Group music therapy for patients with persistent post-traumatic stress disorder – an exploratory randomized controlled trial with mixed methods evaluation
Article first published online: 20 JUN 2011
©2011 The British Psychological Society
Psychology and Psychotherapy: Theory, Research and Practice
Volume 85, Issue 2, pages 179–202, June 2012
How to Cite
Carr, C., d’Ardenne, P., Sloboda, A., Scott, C., Wang, D. and Priebe, S. (2012), Group music therapy for patients with persistent post-traumatic stress disorder – an exploratory randomized controlled trial with mixed methods evaluation. Psychology and Psychotherapy: Theo, Res, Pra, 85: 179–202. doi: 10.1111/j.2044-8341.2011.02026.x
- Issue published online: 15 MAY 2012
- Article first published online: 20 JUN 2011
- Received 1 July 2009; revised version received 14 February 2011
Objectives. Not all patients with post-traumatic stress disorder (PTSD) respond to cognitive behavioural therapy (CBT). Literature suggests group music therapy might be beneficial in treating PTSD. However, feasibility and effectiveness have not been assessed. The study objectives were to assess whether group music therapy was feasible for patients who did not respond to CBT, and whether it has an effect on PTSD symptoms and depression.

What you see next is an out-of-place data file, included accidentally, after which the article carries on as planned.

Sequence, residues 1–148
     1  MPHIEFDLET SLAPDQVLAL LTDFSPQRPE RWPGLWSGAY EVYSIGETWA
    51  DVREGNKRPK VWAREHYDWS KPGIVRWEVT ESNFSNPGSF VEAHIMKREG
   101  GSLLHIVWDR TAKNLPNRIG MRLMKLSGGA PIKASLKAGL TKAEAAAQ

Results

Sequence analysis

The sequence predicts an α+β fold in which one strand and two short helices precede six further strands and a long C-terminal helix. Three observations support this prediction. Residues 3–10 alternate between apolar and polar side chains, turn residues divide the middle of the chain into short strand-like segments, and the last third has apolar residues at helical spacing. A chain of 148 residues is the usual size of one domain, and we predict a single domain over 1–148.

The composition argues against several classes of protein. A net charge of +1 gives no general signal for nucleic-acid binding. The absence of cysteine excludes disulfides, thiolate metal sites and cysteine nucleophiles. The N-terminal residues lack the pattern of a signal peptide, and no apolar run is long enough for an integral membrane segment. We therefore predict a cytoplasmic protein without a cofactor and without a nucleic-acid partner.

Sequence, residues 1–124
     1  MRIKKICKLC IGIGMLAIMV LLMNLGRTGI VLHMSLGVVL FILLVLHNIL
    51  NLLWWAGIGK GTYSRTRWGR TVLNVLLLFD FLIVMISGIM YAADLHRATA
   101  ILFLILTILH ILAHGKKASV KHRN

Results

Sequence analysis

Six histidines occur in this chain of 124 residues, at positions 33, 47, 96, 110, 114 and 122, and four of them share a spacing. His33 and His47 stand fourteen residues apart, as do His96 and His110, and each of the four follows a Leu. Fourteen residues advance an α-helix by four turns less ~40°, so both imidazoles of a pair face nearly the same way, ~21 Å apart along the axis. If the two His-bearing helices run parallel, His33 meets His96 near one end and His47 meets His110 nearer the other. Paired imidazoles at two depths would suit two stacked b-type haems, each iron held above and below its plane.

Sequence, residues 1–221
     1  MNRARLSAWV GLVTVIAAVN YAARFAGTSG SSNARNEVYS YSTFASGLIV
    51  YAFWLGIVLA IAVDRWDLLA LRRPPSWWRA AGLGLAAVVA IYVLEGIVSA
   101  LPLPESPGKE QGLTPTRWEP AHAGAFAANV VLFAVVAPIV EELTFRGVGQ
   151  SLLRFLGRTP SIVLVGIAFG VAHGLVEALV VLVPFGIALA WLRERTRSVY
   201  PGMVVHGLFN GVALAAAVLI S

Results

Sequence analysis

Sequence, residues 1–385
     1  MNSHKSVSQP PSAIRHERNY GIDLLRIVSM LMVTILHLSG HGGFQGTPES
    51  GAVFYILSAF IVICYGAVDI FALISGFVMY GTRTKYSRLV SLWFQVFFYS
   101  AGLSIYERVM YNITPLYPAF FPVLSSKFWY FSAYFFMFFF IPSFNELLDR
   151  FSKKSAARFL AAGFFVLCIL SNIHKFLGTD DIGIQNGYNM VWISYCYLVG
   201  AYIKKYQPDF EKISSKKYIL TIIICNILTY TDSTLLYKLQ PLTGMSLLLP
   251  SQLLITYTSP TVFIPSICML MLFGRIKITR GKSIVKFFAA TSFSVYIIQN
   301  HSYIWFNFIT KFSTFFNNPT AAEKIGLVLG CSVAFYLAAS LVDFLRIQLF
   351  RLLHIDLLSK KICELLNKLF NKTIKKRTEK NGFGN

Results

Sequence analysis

Design. The study employed mixed methods comprising of an exploratory randomized controlled trial, qualitative content analysis of therapy, and patient interviews.
Method. Patients with significant PTSD symptoms (n= 17) following completion of CBT were randomly assigned to treatment (n= 9) or control groups (n= 8). The treatment group received 10 weeks of group music therapy after which exit interviews were conducted. Control group patients were offered the intervention at the end of the study. Symptoms were assessed on the Impact of Events Scale-Revised and Beck Depression Inventory II at the beginning and end of treatment.
Results. Treatment-group patients experienced a significant reduction in severity of PTSD symptoms (−20.18; 95% confidence interval [CI]: [−31.23, −9.12]) and a marginally significant reduction in depression (−11.92; 95%CI: [−24.05, 0.21]) at 10 weeks from baseline compared to the control. Patients viewed music therapy as helpful and reported experiences concur with current literature.
Conclusions. Group music therapy appears feasible and effective for PTSD patients who have not sufficiently responded to CBT. Limitations include the small sample size and lack of blinding. Further research should address these limitations, test sustainability, and identify specific factors that address symptoms in treatment.